Egypt's controversial minister of culture, Alaa Abdel-Aziz, said in a televised interview Friday 7 June that he doesn't regret any of his decisions that outraged Egyptian intellectuals and artists as he calculates his steps well before he takes them.
"I take my decisions after accurate studies and calculations, so I do not regret any of it, regardless of those who protest in front of the ministry dancing and crying over its walls," Abdel-Aziz said.
Abdel-Aziz sparked controversy when he sacked senior ministry officials, replacing them with artists and employees who have a lower-profile. Intellectuals say those newly appointed do not have the skills to lead Egypt's cultural institutions. In response, artists and intellectuals occupied the culture ministry Wednesday and barred Abdel-Aziz from entering.
The minister said in the interview that he doesn't have anything against intellectuals. He asserted that he welcomes a dialogue with intellectuals in the presence of the press, but he refuses dialogue with those who are presently occupying the ministry.
"I won't speak to the people who broke into my office, but I let them stay there. I can only have dialogue with the real intellectuals and artists, but in presence of the press and TV cameras." he said. The minister said that he would pick the journalists who would attend this meeting.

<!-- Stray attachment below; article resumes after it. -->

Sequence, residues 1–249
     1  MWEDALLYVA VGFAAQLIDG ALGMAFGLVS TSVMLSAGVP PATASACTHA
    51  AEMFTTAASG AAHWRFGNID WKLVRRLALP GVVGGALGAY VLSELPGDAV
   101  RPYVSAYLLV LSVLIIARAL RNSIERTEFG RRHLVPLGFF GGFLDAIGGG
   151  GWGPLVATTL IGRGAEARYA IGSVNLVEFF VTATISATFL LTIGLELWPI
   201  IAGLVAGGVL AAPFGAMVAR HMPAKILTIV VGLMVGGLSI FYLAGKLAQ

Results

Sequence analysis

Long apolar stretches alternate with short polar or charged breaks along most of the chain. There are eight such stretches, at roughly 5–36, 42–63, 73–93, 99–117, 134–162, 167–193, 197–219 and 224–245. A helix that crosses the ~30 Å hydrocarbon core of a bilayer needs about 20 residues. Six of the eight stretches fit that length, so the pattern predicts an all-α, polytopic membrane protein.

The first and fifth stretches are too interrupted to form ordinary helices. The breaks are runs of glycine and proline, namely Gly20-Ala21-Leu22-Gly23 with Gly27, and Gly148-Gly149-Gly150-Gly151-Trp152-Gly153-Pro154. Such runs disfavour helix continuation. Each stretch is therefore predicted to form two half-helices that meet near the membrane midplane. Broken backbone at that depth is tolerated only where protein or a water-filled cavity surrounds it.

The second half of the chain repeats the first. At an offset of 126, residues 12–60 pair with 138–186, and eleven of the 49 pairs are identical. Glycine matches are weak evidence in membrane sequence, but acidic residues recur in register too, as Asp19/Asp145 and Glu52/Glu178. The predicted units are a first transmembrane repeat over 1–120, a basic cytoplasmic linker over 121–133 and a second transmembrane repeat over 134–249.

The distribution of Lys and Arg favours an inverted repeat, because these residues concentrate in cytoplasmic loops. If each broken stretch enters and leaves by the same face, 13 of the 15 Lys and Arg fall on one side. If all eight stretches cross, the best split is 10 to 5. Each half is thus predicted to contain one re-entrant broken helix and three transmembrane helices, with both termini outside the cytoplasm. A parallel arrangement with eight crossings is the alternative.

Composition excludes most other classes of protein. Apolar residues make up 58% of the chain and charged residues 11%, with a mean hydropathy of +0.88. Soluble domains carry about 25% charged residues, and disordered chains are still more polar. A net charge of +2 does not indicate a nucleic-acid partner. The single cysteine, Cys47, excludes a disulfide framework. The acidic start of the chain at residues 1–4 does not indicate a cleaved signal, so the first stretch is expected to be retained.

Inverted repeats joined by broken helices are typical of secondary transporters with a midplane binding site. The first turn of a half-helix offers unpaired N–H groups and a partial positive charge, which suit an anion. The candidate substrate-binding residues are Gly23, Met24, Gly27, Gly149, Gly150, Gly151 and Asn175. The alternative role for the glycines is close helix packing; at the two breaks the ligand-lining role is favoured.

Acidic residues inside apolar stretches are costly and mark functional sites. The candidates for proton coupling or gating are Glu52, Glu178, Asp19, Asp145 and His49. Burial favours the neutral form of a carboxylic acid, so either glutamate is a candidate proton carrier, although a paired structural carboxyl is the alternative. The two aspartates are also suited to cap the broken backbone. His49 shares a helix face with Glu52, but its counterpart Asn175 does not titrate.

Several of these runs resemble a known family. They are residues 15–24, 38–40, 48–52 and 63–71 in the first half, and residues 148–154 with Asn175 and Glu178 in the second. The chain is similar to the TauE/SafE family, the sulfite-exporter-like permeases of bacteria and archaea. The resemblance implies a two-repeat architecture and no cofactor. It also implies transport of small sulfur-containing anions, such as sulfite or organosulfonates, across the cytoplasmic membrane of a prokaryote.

Abdel-Aziz accused journalists who have attacked him of being paid by the institutions whose heads he sacked. He screened a list of journalists on air. "I know what those journalists are doing and I will turn these documents over to the investigation directories," he said.
The minister denied being a member of the Muslim Brotherhood, saying that statements to the contrary are but rumours, yet adding that there is nothing unacceptable about a culture minister being a member of the Islamist group.
The artists and intellectuals occupying the culture ministry building declared their refusal of any dialogue between them and the minister, who they demand to resign. The intellectuals accuse the minister of implementing a Muslim Brotherhood agenda that aims to destroy Egypian culture.
Abdel-Aziz asserted that the identity of the Egyptian culture is Islamic, quoting famous Christian thinker Anwar Abdel-Malek, the Egyptian-French pan-Arabist and Marxist political scientist.
The minister also denied that he banned ballet in the Cairo Opera House.
He echoed earlier statements on mass corruption in the culture ministry, saying he will restructure all sectors of the ministry and will issue new visual art and cinema magazines that will have a "heavy" content.